“We rode at least 30 kilometers a day, which means we covered 3,000 kilometers by bike over a span of 100 days during the campaign,” Green Party Taiwan Hsinchu County councilor-elect Chou Chiang-chieh (周江杰) said of his race in the Nov. 29 nine-in-one elections.
In contrast with the ubiquitous campaign trucks blasting crackling music during election campaigns, Chou and his volunteers quietly canvassed the hilly terrain of his hometown, Jhudong Township (竹東), armed with nothing but the bright green flags attached to the back of their bikes.
Chou’s victory was part of a historic day for the Green Party, which saw two of its candidates elected to public office for the first time since its establishment in 1996.
Photo: Huang Mei-chu, Taipei Times
With more than a decade of experience in local environmental movements, Chou, 34, said he entered the race to bring constructive public debate to politics, as well as to represent the views of activist groups in the county council.
To provide a solution for the ailing economy of a town tucked into a narrow river valley, Chou envisions Jhudong — home to nearly 100,000 people — as a slow-paced tourist destination where visitors can enjoy the natural scenery and Hakka cultural heritage by bike.
Given that Hsinchu County’s main city, Jhubei (竹北), boasts the strongest population growth in the nation as a result of the high-tech industry in the area, Chou said he is worried about an increasing amount of pollution in his hometown.
“It seems like Jhudong has become a destination for things unwanted in other places, like gravel excavation and a lot of waste disposal sites,” Chou said.
“Things like that never stay in densely populated urban areas in Jhubei or Hsinchu City, so they move toward marginal locations,” he said.
Chou’s decision to enter the race was triggered by the failure of county councilors from Jhudong to help him when he tried to file a report about an illegal gravel excavation site.
Chou said he feels a responsibility to bring reform to local politics in the nation, which have long been criticized as being dominated by profit-seeking local political factions.
“What I place importance on is the process of public deliberation, because that is what truly enables grassroots democracy. I define my role as councilor as one of a catalyst,” Chou said.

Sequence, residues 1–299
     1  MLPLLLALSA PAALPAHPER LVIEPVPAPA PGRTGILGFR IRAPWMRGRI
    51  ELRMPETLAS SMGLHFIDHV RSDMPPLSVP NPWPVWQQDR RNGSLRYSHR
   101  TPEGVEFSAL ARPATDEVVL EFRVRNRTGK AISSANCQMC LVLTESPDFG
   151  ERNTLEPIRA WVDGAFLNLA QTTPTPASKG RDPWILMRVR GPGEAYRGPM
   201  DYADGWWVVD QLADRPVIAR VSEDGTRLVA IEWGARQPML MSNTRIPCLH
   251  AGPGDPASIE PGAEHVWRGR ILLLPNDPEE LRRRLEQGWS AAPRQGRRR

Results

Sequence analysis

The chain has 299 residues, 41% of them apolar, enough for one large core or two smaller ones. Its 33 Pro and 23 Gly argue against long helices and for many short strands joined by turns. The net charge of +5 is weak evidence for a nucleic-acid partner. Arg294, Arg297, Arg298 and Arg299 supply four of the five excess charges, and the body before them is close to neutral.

“I would not want a borough warden directly telling me about something he wants to get done. You would need to hold a town hall meeting first, before telling me the results of public discussion. The point is the process,” he said.
Chou said that his experience as an exchange student in Heidelberg, Germany, strengthened his belief in the importance of political dialogue, citing institutional designs in German politics that encourage cross-party cooperation.
“When I was there, the local Green Party led the local coalition government,” Chou said. “Since you’re not a ruling party with more than 50 percent support, you need to encompass diverse opinions. A lot of time and effort is placed on communicating policy initiatives.”
While politics in Taiwan have been characterized by a divide between the pro-independence and pro-unification camps, Chou sees the establishment of smaller parties as a way to promote more diversity within political institutions.
The growth of community organizations and civic groups could provide more diverse options for people to engage in public affairs locally, Chou said.
“In the past, local political factions might have seen profit as their main goal,” Chou said. “We need local civic groups geared toward public issues to perhaps coexist with, if not entirely replace, traditional organizations right away.”
Chou said he mainly received the support of young independent voters in the area, who were concerned about environmental issues that could affect their quality of life.
As a non-traditional candidate, Chou said he also won votes through sheer perseverance, demonstrated by his daily 30km bike trips around town.
He said he has long been inspired by 17th-century Dutch philosopher Baruch Spinoza and once led a study group at a local bookstore that focused on the philosopher.
“The first month I biked people thought I was a loony. The second month, people started smiling at me and the third month they started to say ‘hello,’” Chou said.
“You must be determined in your values and ideals. That is what I learned from Spinoza,” he said.
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